Modification of Wells criteria in cancer, previous DVT
Key point: Wells criteria for deep venous thrombosis (DVT) may need modification for patients with cancer or previous DVT.
Citation: Geersing GJ, Zuithoff NP, Kearon C, et al. Exclusion of deep vein thrombosis using the Wells rule in clinically important subgroups: individual patient data metaanalysis. BMJ. 2014;348:g1340.
Possible DVT is an important diagnosis to make, however, many urgent cares do not have access to ultrasound. A combination of Wells rule and D-dimer test has been proposed as a reasonable option for low-risk patients, but some investigators have found that there may be some subgroups that need further evaluation or modification of this method. The authors of this article attempted to corroborate previous studies. A meta-analysis was performed of 13 previous studies with a total of 10,002 patients. Criteria of a Wells rule score <1 and a negative D-dimer was able to reduce the risk of DVT to less than 2%. Most experts use less than 2% as an acceptable error rate when ruling out DVT. The authors noted that only previous DVT and cancer crossed the 2% threshold. The authors concluded that this combination was not useful in patients with cancer and patients with previous DVT needed one extra point added to the Wells rule score for significant sensitivity. Other findings from the review included an increased risk of blood clot with increasing Wells score and even a -2 Wells score led to a 5% risk of DVT. From an acute care perspective, it’s important to understand that Wells rule score alone is not sensitive enough and that patients with cancer and previous DVT will need even more consideration than just having a normal D-dimer.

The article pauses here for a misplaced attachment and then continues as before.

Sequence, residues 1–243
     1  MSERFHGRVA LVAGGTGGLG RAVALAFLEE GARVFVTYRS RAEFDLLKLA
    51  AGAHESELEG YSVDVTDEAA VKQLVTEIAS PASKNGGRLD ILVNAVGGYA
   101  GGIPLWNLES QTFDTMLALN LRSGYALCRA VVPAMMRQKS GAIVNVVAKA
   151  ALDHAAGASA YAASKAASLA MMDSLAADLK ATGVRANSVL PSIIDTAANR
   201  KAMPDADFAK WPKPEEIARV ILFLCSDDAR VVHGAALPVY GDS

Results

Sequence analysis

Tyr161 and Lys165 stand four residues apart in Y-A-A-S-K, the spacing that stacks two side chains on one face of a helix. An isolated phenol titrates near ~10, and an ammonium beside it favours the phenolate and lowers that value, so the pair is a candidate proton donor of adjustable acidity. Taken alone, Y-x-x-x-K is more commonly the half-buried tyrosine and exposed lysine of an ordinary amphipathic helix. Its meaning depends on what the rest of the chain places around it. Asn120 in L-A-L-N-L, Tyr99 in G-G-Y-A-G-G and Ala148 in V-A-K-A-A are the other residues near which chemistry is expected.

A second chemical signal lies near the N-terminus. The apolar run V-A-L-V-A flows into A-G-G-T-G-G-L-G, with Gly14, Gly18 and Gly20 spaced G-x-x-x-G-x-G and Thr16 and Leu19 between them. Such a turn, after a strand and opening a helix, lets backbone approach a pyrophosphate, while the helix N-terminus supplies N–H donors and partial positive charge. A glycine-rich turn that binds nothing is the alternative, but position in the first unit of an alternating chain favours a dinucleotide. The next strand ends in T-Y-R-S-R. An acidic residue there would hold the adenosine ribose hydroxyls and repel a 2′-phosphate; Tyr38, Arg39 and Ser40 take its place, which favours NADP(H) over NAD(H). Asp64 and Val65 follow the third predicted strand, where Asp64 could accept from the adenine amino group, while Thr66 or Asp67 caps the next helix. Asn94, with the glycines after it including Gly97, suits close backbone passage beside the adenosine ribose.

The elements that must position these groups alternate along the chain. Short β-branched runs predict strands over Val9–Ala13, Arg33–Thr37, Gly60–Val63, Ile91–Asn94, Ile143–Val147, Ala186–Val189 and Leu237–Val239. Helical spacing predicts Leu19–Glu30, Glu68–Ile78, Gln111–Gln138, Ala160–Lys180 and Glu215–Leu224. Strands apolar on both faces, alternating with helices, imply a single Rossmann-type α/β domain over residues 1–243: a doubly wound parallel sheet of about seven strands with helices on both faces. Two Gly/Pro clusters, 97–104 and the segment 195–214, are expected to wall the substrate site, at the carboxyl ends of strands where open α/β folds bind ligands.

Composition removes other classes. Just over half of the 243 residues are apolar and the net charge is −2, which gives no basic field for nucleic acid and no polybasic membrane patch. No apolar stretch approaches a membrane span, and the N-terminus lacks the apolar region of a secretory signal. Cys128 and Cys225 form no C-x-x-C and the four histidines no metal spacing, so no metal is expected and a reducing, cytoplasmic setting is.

Impact of antibiotic delay for URI on patients’ beliefs, symptoms
Key point: Delaying use of antibiotics for upper respiratory infections (URI) may reduce total antibiotic use without changes in perceived symptoms and patients’ belief in the need for antibiotics.
Citation: Little P, Moore M, Kelly J, et al. Delayed antibiotic prescribing strategies for respiratory tract infections in primary care: Pragmatic, factorial, randomized controlled trial. BMJ. 2014 Mar 5; 348:g1606.
Authors in the United Kingdom attempted to see how different methods of delaying antibiotic prescriptions for URI would affect total antibiotic prescriptions, patients’ belief about antibiotics, and symptom scores. In this trial, 889 patients identified not to need immediate antibiotics were randomized to four methods to delay prescriptions or just not provided with one. The four methods were having patients call back for antibiotics, post-dating prescriptions, asking that patients come back to get previously written prescriptions, and getting the script during the visit, but being told to wait before use. The study found the use rate for antibiotics was similar to previous studies (around 40%) with similar control of symptoms for all groups. These strategies were also associated with less strong belief that antibiotics are needed. For the acute care provider, this adds to the evidence that delayed prescriptions can reduce antibiotic use and may reduce the perception of need for antibiotics as well.
Headaches and utilization of neuroimaging
Key point: Neuroimaging continues to be used more than one would expect, given current guidelines.
Citation: Callaghan BC, Kerber KA, Pace RJ, Skolarus LE, Burke JF. Headaches and neuroimaging: High utilization and costs despite guidelines. JAMA Intern Med 2014 Mar 17; [e-pub ahead of print].